200-12 Demonstration Project
Since beginning as a District-funded demonstration with board members as the only participants in 2010, the “200-12 Project” has received funding from both the Texas Water Development Board and the USDA – Natural Resources Conservation Service and has involved many of the most progressive farmers in the northern Panhandle, including four members of the board of directors. The “200-12 Project” received the NRCS Conservation Innovation Grant as part of the Texas High Plains Initiative for Efficient Irrigation Management and Conservation (Texas High Plains Initiative). The Texas High Plains Initiative was a cooperative effort between the District’s “200-12 Project”, and the Texas Alliance for Water Conservation (TAWC), which includes Texas Tech University, High Plains Underground Water Conservation District and others. With demonstrations spanning the High Plains from north to south, the Texas High Plains Initiative helped expand the reach of the conservation mission throughout the region.
The project has also earned media coverage from local, state and national newspaper, radio and television outlets and received the Texas Water Conservation Advisory Council’s Save Texas Water Blue Legacy Award for agriculture in 2012, and the state’s highest conservation honor, The Texas Environmental Excellence Award for Agriculture, in 2011. Designed as a five-year demonstration, the “200-12 Project” concluded its’ final season in 2014.
From Space Age to Down to Earth
The “200-12 Project” resource management system is a combination of conservation strategies ranging from the tried-and-true to cutting edge. The system is built on techniques and technologies recommended by farmers and other experts, because they work.
Remote Pivot Monitoring and Control
The ability to monitor and control a sprinkler without having to be at the location will allow producers to save precious time and consequently save water when making adjustments to the operation of the sprinkler.
Remote Soil Moisture Monitoring
Electronic soil probes measure the conductivity of the soil, tracking moisture and plant water usage in real time. The information is transmitted via telemetry to farmers’ smartphones and computers, allowing them to make irrigation management adjustments remotely. Giving the plant just what it needs, when it needs it, creates water savings.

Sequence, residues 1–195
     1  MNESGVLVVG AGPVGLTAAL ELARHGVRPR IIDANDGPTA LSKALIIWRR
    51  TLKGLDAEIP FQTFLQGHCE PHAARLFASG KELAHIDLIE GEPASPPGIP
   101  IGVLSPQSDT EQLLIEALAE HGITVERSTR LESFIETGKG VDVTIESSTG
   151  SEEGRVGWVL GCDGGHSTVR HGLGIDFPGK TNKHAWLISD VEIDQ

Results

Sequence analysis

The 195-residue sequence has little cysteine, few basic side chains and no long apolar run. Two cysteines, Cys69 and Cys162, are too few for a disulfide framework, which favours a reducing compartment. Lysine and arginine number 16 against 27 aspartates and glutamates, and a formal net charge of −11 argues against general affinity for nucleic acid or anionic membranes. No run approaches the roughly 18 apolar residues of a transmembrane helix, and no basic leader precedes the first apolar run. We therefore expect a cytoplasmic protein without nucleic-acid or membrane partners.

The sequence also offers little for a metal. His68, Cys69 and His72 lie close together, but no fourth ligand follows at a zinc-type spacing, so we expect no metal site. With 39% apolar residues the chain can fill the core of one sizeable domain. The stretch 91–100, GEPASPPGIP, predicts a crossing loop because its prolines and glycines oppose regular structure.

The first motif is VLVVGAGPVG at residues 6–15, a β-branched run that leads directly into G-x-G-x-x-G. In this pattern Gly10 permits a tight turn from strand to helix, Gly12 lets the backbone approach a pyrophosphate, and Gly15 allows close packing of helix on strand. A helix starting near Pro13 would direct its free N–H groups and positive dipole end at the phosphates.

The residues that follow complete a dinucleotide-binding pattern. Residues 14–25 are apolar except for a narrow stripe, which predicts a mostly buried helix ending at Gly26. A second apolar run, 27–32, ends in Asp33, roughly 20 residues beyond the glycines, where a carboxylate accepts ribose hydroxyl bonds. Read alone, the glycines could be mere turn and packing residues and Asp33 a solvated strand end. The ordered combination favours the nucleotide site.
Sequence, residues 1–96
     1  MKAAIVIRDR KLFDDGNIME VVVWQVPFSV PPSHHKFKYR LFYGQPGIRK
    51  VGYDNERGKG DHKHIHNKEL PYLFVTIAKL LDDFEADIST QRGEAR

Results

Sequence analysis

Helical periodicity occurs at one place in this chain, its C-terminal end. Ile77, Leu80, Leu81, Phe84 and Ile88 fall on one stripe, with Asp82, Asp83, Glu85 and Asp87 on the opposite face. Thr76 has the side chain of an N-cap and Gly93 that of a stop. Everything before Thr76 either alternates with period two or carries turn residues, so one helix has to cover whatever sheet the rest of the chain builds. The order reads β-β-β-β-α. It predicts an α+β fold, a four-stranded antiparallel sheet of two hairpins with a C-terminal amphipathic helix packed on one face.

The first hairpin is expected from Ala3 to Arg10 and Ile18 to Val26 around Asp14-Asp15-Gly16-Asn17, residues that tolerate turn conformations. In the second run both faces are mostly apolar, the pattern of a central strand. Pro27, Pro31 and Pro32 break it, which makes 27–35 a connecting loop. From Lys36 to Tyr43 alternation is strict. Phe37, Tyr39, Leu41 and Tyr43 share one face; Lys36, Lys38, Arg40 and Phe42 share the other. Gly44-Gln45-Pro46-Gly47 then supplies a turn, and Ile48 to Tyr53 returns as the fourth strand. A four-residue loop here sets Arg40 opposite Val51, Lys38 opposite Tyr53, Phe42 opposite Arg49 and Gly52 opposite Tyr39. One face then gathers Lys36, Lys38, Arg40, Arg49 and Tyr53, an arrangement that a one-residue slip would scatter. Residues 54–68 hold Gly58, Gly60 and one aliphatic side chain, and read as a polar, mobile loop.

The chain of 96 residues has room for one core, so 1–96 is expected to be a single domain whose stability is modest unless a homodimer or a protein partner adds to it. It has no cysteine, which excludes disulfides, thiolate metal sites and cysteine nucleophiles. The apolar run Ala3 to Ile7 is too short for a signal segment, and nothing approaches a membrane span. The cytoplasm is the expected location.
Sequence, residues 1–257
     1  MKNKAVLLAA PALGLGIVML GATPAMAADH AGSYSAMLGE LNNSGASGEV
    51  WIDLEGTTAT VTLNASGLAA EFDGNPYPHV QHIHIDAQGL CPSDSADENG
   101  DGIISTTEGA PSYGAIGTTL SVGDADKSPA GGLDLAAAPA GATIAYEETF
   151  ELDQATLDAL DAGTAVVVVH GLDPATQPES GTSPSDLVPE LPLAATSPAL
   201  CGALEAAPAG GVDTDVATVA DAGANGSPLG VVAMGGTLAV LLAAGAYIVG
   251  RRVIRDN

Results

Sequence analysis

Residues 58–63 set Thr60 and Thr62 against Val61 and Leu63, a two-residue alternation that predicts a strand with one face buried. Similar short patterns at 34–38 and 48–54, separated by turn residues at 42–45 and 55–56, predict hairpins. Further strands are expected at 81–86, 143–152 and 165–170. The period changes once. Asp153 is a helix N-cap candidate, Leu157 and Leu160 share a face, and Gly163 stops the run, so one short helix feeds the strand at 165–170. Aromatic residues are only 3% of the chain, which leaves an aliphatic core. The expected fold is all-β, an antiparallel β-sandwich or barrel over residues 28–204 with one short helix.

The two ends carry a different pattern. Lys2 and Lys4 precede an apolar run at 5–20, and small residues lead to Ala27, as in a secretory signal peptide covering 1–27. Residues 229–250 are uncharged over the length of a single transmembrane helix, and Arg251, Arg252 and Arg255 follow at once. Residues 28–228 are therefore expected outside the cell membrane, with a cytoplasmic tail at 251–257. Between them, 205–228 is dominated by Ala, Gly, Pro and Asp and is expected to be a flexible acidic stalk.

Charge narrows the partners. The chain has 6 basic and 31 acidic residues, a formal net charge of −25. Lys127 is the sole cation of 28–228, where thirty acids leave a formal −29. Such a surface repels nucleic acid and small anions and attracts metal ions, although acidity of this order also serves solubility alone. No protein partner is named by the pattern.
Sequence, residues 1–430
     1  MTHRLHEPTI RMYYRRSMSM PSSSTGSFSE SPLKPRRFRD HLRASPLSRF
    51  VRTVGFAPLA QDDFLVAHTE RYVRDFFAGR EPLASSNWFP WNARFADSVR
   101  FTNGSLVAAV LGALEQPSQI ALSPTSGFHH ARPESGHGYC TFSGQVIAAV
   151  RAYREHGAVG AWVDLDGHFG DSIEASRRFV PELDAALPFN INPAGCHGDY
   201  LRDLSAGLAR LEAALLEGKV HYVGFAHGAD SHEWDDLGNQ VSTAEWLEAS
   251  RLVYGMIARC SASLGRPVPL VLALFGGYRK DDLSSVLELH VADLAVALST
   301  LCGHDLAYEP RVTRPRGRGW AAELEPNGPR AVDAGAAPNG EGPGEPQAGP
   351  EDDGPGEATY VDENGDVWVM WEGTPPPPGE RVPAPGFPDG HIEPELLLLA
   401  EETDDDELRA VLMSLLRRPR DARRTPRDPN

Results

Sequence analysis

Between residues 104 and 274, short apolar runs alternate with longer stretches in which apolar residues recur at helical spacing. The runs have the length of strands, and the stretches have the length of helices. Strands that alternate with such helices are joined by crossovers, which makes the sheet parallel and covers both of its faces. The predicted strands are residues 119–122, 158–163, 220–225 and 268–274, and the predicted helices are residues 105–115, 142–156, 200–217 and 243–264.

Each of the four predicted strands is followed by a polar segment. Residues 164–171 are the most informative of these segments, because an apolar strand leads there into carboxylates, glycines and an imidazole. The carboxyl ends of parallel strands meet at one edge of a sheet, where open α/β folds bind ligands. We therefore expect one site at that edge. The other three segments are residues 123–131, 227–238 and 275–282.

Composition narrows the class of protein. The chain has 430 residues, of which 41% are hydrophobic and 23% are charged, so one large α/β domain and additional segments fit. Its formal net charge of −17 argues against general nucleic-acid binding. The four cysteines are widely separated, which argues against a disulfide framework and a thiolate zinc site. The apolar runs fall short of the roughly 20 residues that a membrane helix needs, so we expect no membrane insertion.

Reduced tillage practices like strip-till and no-till enhance infiltration of rainfall and reduce evaporation by shading and cooling the soil. As an added benefit, the remaining residue decomposes adding organic material and building soil structure, which increases water holding and storage capability.
Closely managed fertilizer regimens guard against unnecessary stress on the plant either from too much, or not enough, nutrients. Healthy plants are more efficient with the water that’s applied.
Using less water requires farmers to reduce the number of seeds they plant to make sure there is enough water available for each plant to be as successful as possible. Fewer seeds do not necessarily mean lower yields because, though there may be fewer plants and fewer ears of corn, the healthier plants may produce bigger ears, especially if the hybrid has been bred to grow larger ears. This trait is called “ear flex”.
Drought Tolerant Hybrids
Drought tolerant hybrids are hybrids that have been bred to perform better than others when less water is applied. Other traits like increased ear flex can also maintain or increase yields with less water. Seed companies continue to advance the technology and these hybrids are an important part of the strategy of doing more with less.
Later planting dates are allowing farmers to schedule pollination to avoid the hottest times of the summer, while reducing the number of days the dry seeds are in the ground, if the early growing season is dry. Depending on the seasonal rainfall, later planting dates can have positive impacts on yield, while maximizing available water.
Variable Rate Irrigation
Based on either satellite imagery or electronic soil scans, farmers are able to create maps of the moisture and soil profile of an entire field. Using that profile, combined with programmable center pivot sprinklers, farmers adjust the amount of water that is applied to different parts of the field.
High Efficiency, Low Elevation/Low Energy Precision Application
These sprinkler systems maximize water delivered to the plant by using bubblers attached to long hoses that drizzle the water close to the ground. The short distance to the ground for the water to fall and the bubbling action, instead of spraying, reduce evaporation and increase the efficiency of these systems to 90-95%.